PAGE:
DescriptionCastles of our Conscience presents a new and distinctive analysis of the role of the modern state in the shaping of policies of social control. Staples provides a theoretical framework for understanding the mechanisms of state policy-making and capacity. This framework supports an interpretation of the changing nature of institutions of social control in the United States from the beginning in the nineteenth century to the present day.
A distinctive feature of the author’s approach is his critique of existing theories of the state as well as recent revisionist writing in social control. Both, he argues, have tended to either reduce the state to an instrument of class power or treat it in too ‘structuralist’ a fashion. Developing a sophisticated account of the relationship between the state and civil society he provides a history of social control policies in the United States that balances analytical concerns with historical narrative.
This book will be of interest to students and professionals in sociology, politics and criminology.
1 Explaining Patterns of Institutional Social Control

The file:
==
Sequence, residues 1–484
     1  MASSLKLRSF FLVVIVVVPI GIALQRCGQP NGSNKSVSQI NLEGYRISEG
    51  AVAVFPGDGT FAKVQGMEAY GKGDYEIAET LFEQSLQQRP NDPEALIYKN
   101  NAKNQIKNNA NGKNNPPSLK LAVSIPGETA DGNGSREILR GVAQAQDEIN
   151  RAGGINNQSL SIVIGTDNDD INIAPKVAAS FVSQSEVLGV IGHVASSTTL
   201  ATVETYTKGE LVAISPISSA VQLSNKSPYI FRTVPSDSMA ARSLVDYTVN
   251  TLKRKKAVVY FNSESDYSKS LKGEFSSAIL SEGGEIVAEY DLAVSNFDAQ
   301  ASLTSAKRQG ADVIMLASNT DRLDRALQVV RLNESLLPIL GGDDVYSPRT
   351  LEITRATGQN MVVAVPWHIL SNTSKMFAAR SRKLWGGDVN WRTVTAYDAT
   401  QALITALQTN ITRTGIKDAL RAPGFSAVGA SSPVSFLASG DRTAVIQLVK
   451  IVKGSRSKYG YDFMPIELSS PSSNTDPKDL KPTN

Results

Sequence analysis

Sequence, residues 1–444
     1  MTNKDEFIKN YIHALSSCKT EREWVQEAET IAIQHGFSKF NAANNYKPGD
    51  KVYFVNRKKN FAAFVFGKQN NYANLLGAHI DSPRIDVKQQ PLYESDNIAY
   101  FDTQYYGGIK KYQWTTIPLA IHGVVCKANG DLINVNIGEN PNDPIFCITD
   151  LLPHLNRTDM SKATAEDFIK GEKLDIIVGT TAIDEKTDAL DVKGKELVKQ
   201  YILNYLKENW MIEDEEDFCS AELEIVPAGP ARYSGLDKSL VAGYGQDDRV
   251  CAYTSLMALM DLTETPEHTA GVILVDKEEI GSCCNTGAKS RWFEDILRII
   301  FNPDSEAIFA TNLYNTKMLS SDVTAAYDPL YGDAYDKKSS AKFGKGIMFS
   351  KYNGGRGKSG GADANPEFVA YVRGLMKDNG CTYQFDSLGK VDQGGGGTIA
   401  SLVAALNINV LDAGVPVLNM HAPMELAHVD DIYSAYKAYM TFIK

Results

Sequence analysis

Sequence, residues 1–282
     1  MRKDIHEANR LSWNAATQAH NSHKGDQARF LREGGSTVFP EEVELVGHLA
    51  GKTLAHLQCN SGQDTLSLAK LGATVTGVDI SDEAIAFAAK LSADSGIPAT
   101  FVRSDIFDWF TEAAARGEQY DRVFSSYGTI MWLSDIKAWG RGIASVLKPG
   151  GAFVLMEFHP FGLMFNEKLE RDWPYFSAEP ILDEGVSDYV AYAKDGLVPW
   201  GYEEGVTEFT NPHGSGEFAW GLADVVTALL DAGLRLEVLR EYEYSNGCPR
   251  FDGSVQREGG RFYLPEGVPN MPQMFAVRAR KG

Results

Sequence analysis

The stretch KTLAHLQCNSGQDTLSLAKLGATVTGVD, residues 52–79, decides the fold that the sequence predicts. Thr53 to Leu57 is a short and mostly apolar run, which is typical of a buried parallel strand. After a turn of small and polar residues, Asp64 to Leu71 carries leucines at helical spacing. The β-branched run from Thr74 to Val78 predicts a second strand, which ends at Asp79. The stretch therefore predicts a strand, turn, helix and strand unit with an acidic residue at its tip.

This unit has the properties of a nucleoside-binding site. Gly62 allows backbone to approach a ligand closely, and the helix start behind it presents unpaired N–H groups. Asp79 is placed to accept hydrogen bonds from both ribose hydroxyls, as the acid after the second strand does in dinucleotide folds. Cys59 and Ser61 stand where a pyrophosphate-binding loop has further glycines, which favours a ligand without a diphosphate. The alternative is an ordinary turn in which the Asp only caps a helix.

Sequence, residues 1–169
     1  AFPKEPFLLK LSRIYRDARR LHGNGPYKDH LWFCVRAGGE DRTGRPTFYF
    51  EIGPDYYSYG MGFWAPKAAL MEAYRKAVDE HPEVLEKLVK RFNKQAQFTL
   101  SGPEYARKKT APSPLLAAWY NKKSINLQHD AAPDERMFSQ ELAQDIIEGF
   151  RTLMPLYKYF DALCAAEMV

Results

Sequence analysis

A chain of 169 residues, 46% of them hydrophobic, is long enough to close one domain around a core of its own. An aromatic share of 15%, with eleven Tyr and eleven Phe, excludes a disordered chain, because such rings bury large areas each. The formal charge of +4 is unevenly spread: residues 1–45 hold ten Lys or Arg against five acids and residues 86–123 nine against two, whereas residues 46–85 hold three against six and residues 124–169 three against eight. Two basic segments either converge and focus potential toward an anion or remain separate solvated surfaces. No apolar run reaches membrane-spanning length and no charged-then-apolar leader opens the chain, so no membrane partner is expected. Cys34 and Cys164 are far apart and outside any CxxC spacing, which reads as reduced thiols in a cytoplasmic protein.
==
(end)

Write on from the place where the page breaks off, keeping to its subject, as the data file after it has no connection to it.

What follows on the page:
From Progressivism to Revisionism
Toward a State-centered Perspective
The Structuration of the State: Form, Function, and Apparatus
Part I The Denial of Freedom in the New Republic: Social Control and the American State, 1800–1929
2 Charting the Liberal-Capitalist State
Production Politics in the Nineteenth-century Prison
The "Problem" of Prison Labor
The Origins of the Prison as Factory
Discipline, Punishment, and Capitalism
Working to Reproduce the State
3 Public Welfare in an Age of Social and Economic Crises
Poverty, Dependency, and the Poorhouse
From "Houses of Industry" to "Disgraceful Memorials"
Classification and the Growth of Specialized Institutions
Absorbing the Local State: Centralization, Political Power, and the State Apparatus
Part II Accumulating Minds and Bodies: Social Control and the American State, 1930–1985
4 Charting the Advanced-Capitalist State
Roads to the State Asylum
The Idle and Unproductive in the Penitentiary
The Juvenile Court and the Penetration of the Family
5 Contradictions and Consequences in Post-war Psychiatry
The State Hospital in the "New Age" of Community Mental Health
Opening the Back Doors: The Political Legitimacy of State Governments and the Early Signs of Deinstitutionalization
Community Psychiatry and the "New Frontier" of Progressive Social Reform
6 Public Policy under the Liberal Welfare State
From the "New Frontier" to the "Great Society": The Politics and Policies of the Kennedy-Johnson Years
"Gray Gold": The New American Nursing Home Industry
The Goal of "Reintegration": Offenders on Probation and Parole
Crises in the Community: the Politicization of America’s "Crime Wave"
Adolescents Go from Bad to Mad
7 The Evolution of the State Apparatus
The Dialectics of the State in Civil Society
Appendix: Concepts, Data, and Sources